Two Previously Unrecorded Panel Paintings by The Spanish Forger [France (Paris), late 19th or early 20th century]
1,000 - 1,500 GBP
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- Pigments on wood panel
two panels, each 364x283mm, thick wooden boards: (a) Man and his Lady hunting, small hole of nail at in centre at top and long vertical split; (b) Woman playing an Organ, small vertical splits at top and bottom; enclosed within gilt cardboard frames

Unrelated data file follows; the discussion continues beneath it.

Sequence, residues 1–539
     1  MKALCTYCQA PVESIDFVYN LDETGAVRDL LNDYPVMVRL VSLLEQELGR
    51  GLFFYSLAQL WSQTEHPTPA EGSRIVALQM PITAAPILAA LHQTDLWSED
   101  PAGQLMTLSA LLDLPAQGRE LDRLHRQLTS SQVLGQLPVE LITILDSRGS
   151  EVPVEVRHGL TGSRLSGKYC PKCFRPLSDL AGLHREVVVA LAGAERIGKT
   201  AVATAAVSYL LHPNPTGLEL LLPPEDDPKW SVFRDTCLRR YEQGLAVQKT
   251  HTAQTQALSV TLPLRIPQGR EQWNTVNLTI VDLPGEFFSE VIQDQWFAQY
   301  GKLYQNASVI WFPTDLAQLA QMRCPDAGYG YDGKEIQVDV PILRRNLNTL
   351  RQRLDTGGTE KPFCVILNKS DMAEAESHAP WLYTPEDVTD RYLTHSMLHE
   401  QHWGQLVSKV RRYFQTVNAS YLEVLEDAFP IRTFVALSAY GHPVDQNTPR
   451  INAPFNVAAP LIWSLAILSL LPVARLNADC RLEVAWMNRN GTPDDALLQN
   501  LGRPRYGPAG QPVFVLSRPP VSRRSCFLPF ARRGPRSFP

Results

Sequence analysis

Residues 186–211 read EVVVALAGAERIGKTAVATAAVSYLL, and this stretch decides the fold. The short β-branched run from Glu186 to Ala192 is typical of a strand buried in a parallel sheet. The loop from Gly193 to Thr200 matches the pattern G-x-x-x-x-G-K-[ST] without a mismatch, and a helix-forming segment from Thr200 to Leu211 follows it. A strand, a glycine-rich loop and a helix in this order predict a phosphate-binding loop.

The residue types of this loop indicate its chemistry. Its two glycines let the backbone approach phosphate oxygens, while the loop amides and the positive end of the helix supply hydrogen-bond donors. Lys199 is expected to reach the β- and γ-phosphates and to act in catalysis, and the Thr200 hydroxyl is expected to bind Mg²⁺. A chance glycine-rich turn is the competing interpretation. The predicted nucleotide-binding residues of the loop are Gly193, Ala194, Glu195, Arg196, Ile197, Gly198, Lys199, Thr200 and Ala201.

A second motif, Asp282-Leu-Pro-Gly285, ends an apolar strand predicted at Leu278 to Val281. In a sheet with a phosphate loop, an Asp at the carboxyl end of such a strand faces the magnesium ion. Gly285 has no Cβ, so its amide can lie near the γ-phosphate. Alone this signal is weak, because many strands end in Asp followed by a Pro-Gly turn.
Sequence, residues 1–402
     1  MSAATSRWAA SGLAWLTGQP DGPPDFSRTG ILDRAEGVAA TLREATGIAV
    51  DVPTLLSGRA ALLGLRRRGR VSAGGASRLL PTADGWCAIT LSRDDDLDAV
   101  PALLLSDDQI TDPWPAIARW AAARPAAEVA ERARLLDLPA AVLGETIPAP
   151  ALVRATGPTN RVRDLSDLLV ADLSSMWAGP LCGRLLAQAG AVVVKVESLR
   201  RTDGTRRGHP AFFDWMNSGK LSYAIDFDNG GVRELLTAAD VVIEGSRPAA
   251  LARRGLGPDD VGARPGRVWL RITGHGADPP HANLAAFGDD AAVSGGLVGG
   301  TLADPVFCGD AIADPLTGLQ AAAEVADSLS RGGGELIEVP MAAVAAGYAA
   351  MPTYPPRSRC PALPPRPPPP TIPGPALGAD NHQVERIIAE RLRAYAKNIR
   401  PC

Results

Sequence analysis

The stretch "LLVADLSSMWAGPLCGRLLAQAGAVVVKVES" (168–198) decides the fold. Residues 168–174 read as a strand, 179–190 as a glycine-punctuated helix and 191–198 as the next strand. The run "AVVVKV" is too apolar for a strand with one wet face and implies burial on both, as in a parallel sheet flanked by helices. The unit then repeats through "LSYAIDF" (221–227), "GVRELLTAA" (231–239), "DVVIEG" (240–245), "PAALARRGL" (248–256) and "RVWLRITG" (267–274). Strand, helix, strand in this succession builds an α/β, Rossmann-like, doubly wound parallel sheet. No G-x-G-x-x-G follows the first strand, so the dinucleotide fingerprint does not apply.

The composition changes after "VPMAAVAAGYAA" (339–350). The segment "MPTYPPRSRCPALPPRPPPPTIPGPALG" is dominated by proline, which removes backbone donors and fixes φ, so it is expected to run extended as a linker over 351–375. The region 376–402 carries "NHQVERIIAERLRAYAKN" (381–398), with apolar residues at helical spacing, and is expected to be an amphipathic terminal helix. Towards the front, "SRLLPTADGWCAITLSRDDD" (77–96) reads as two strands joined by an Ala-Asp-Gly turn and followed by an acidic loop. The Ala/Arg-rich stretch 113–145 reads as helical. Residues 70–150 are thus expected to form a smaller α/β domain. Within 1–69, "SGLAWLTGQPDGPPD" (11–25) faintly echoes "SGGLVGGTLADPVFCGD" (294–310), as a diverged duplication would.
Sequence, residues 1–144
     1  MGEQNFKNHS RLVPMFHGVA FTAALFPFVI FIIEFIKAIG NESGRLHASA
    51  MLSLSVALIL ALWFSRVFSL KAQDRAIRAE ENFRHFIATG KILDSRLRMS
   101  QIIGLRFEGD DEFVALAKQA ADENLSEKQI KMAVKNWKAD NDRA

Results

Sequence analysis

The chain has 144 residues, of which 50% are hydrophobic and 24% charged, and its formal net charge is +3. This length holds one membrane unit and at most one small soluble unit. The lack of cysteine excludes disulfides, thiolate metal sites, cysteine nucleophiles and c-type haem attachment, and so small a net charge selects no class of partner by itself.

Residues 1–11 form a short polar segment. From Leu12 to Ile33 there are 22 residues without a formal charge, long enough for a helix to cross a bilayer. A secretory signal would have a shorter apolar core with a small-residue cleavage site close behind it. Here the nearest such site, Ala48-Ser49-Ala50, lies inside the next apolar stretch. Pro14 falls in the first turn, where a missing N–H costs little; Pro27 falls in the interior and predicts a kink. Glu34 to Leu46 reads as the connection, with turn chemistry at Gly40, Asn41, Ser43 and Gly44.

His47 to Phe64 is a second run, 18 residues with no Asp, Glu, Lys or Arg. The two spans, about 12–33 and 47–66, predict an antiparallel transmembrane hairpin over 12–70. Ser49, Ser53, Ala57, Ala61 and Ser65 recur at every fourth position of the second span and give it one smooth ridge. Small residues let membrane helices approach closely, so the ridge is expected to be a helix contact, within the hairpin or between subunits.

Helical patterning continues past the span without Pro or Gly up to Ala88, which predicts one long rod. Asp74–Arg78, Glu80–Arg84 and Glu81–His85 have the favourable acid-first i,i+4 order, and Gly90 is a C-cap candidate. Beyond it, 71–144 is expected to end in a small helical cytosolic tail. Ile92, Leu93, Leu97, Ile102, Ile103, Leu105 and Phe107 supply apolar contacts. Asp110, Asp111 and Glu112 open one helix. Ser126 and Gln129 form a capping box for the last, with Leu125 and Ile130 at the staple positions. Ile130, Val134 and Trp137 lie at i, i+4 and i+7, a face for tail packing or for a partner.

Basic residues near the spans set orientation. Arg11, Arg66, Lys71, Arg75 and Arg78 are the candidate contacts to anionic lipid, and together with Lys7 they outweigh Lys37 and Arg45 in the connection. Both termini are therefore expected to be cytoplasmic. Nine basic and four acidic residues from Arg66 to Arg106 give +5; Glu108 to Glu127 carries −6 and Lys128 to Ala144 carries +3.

The scene of the man and his lady hunting with dogs and birds of prey was a subject used by the Spanish Forger on several occasions, with slight variations; features found in all, or most, of them include two dogs running next to a stream in the foreground; the man on horseback releasing the falcon from his wrist; a finely-dressed lady on the same or an adjacent horse; a second falcon catching its prey mid-flight; a huntsman with a spear over his shoulder; and a landscape with a castle on top of a peak in the background (cf. Voelkle, figs.48-51, 230, 299). The composition is clearly derived from the August calendar miniature in the Très Riches Heures. The woman playing an organ for her enthroned mistress, by contrast, cannot be directly paralleled in the Forger’s known oeuvre, though both images play to the popular conception of the medieval period as the Age of Chivalry and of Courtly Love: a secular rather than religious perspective.